1. Well, you started with an author who's not my cup of tea, but nonetheless I'm happy to have you joining the challenge and am curious as to what other books you will choose!

    1. Thank you.I'll keep you posted. I keep trying The Sisters Brothers, but I can't get to grips with it, so at the moment I'm half-way through Alison Pick's Far to Go, which is riveting, and I've got some Susanna Moodie after that. Any recommendations will be gratefully received - and I want a 'potted' history book.

  2. I'm glad you're 'into' Canadian lit thru this challenge. You're wise to discover others other than Atwood or Montgomery. Alice Munro is a world class short story writer. There are many others that have reached the world lit. scene. On last year's Booker shortlist, there were 2 Canadian writers among the 6. Patrick DeWitt's The Sisters Brothers and Esi Edugyan's Half Blood Blues. My personal faves are Anne Michael's Fugitive Pieces (won Orange Prize & Guardian Fiction Prize), and two Booker Prize winners Yann Martel's Life of Pi and Michael Ondaatje's The English Patient. I know, they may not have chosen a Canadian setting for their novels. Hope the book challenge is a springboard for you to continue your discovery of Canadian writings. ;)

    1. Arti, thank you for your recommendations. I like Atwood (well, most Atwood) but I wonder how she is she viewed by her fellow countrymen, since she is such a dominant figure that here in Britain she seems to be the only Canadian author people think of, which is unfair on other writers. I've got Half Blood Blues in the TBR pile, and Life of Pi (hadn't realised there was a Canadian connection. There was a copy of The English Patient in the Oxfam book shop, so if it's still there on my next shift I'll buy it. But I'm still struggling with The Sisters Brothers!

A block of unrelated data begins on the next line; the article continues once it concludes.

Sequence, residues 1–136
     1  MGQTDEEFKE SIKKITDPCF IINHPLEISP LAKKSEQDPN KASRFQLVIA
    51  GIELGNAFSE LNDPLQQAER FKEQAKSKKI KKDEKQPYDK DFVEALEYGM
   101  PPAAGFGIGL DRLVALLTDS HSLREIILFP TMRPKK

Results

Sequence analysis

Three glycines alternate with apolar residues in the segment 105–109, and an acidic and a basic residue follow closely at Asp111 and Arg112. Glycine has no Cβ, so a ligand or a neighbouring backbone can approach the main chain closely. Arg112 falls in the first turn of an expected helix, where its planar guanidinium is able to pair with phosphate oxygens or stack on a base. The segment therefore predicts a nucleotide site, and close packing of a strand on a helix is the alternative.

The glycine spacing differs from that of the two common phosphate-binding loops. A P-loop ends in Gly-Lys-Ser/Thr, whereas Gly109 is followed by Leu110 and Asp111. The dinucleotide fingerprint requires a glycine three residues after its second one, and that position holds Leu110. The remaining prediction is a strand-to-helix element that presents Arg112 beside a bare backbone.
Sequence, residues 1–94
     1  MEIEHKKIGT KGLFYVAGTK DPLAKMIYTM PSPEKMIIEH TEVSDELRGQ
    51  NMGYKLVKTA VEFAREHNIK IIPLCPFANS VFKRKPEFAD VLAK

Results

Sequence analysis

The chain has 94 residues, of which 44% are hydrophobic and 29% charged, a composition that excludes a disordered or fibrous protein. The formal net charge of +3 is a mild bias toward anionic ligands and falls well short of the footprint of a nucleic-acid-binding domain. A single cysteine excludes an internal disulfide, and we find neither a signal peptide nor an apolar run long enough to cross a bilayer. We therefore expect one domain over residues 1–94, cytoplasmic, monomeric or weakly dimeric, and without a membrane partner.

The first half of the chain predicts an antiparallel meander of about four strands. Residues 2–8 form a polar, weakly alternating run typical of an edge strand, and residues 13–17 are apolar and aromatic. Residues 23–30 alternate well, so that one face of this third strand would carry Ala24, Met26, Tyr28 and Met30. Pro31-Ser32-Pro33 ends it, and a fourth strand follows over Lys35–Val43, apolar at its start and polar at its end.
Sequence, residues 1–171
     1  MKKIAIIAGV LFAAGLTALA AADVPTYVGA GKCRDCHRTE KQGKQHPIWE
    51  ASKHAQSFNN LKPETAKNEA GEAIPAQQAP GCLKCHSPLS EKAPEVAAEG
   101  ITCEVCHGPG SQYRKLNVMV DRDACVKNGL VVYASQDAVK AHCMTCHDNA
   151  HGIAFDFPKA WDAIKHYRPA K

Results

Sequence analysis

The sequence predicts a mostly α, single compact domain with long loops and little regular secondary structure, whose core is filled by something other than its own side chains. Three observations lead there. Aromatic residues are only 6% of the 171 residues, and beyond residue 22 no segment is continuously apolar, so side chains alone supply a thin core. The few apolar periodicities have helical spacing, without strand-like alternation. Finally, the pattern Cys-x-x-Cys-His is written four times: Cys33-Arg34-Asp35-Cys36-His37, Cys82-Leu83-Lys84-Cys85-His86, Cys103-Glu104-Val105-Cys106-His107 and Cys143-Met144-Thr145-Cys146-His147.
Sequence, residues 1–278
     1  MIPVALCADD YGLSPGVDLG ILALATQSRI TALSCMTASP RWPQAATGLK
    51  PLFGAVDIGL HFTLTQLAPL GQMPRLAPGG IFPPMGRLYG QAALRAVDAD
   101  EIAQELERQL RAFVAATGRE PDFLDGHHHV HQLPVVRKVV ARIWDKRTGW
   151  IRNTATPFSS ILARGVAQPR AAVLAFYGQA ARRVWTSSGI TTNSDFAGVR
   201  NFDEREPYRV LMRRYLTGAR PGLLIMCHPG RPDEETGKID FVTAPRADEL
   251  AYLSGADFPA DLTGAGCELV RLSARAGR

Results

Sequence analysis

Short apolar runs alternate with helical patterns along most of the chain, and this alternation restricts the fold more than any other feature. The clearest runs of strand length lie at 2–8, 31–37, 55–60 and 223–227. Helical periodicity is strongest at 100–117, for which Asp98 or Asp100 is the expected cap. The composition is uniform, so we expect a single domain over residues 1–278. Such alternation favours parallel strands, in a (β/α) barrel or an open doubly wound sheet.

2. For some 'classic' Canadian writers, those whom we studied while in university ages ago, they include Mordecai Richler, Margaret Laurence, Hugh MacLennan, Morley Callaghan, W.O.Mitchell... their works would have setting right in Canada. Recent years, Canadian writers tend to encompass much wider cultural and geographical locations and historical periods, which is all the better I think. Yann Martel, Rohinton Mistry, Denise Chong, Annabel Lyon, Vincent Lam, Jane Urquhart, M.G.Vassanji... just to name a few. Hope you enjoy your Canadian reads!

    3. Arti, you're a star! Thank you.

  3. With the challenge you should discover a lot of great Canadian authors. If you really want to hunt some new ones down take a look at the Giller, Governor General and Canada Reads winners, finalists and longlists. There are some great reads there. I really enjoy Munro, she's quickly becoming a must read everything author for me. Good luck with the rest of the challenge.

    1. Thank you Jules.They look interesting - I shall make some notes, and go off to the library armed with a list. I feel very silly not knowing anything about Canada.